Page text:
Melody: Since this seems like a very worthy project to better the world, I thought I'd add my two bits.
The first bit being Verdana. I think in Verdana, I speak in Verdana & of course, my typeface is Verdana.
The second of my two bits has something to do with my mood-swings. Yes, with so many voices in my head, what did you expect.
I've been know even to use 'Bill' and 'Perpetua' and a variety of other typefaces that I shouldn't know by name.
So there you have it.
Bobin James: My favourite typeface would have to be Verdana... 10 point Verdana!! Am not too sure about the technicalities, but I personally find it easier to read than most others...
Janhavi Acharekar: While I'm partial to Times New Roman for its clarity, have a curious fixation with Arial Narrow. Have also come across a fascinating typeface (during Lintas days, interestingly) — one with sexist overtones — called Girls Are Weird!
Anita Vasudeva: Changes with what I'm writing, not just type of document, but sometimes content of one poem vs. another, kid stuff in Comic sans MS for instance. Swing between Verdana, Garamond, Trebuchet, Georgia, Palatino. All the draft work seems to be in Arial which is the default typeface on my machine, and its become a non-personality. Don't you experiment — write something and see what it looks like in various typefaces — love the way it changes the writing sometimes. Also with corporate housestyles its fun to figure which typeface suits their personality and communication.
Nandini Chopra: arial 10 - straight and no nonsense.
Maya Sriram: Times New Roman- I think it is purely a spill over from my working days where newsletters and reports and more all had to be in this font. Comfort of the familiar, perhaps?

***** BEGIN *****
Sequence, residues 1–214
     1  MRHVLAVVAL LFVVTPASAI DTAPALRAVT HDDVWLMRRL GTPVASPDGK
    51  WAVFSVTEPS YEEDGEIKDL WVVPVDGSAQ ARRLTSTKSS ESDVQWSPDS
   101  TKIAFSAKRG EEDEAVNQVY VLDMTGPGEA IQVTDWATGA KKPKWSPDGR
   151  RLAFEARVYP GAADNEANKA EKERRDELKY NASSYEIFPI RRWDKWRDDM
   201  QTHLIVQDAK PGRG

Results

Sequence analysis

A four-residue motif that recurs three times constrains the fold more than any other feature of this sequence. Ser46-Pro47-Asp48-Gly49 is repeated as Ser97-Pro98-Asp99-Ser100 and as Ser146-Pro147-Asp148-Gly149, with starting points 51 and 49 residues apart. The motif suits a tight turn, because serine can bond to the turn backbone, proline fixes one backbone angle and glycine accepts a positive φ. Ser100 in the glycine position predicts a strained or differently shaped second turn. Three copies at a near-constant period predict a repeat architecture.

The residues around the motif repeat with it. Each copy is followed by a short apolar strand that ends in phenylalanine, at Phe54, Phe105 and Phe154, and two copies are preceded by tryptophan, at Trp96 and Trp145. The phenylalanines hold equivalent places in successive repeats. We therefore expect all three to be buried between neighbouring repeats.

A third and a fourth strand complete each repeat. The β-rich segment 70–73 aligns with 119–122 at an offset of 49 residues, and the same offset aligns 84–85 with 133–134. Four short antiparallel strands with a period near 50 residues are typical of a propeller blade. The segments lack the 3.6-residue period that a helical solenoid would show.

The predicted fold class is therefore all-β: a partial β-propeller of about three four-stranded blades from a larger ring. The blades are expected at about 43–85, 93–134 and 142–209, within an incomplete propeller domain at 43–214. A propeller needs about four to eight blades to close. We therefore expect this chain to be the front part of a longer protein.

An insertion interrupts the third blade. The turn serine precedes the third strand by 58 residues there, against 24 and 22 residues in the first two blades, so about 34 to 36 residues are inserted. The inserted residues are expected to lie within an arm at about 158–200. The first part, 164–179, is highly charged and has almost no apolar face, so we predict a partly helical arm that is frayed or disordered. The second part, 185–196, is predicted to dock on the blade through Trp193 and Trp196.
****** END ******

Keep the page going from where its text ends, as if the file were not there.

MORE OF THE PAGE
Shivam Vij: I love Times New Roman but only in large 14 size. May be it's my glasses :)
Prakriti Pushp: I have used Book Antiqua for a long time now. It is just so very quaint. Makes even trivial look important.
Amit Varma: Verdana, size 12. I find it clean and readable.
Oh yes. This blog's personal choices.
Of course there were huge excesses back in the day, when we first played with a Mac, when we used just about every font we could find. Then Helvetica became a favourite. Franklin Gothic for text that needed emphasis. In later years, Goudy Old Style took a large share of or affections, with Garamond as a second choice. (And we just luhrve Goudy Handtooled for headlines of a certain type.) Brief flirtations happened with Dom Casual, Bernhard Modern, Caslon Open Face, Futura, some Humanist variants, various "ye olde" type fonts and brush scripts. Nowadays, all paid work goes to publications in Times New Roman, since that's one all desks are likely to have. Online, we prefer Georgia, and for headlines and suchlike, Verdana.
We have about 900 fonts on our system at the moment. That's the most it would take. :)
(Oh, and puhleeze don't follow Slate's example and call them "fonts." A font is a set of characters in a particular typeface, in a specified size and style. Times New Roman is a typeface. Times New Roman, 9 point, italics, is a font.)
P.S. Falstaff, who has weighed in via the comments section, also mailed to advise us to read this and this for the poet's perspective.
P.P.S. k.m. shares our feelings: "Courier is also the *industry standard* in Hollywood. Shame, shame."
Oh, and a note for the designers and copywriters and other communication professionals. This not about the fonts that a communication will eventually appear in; of course you will put one heckuva lot of effort into choosing just the right font on a case by case basis. This is about what you use yourself, when composing, when writing just for you, when it's just you and the computer.
Note: We have added quite a few opinions that have come in via email roughly in the order that they came in, unedited except for the odd typo.
Note: [*] = The site linked to requires registration.
This work is licensed under a
Creative Commons License.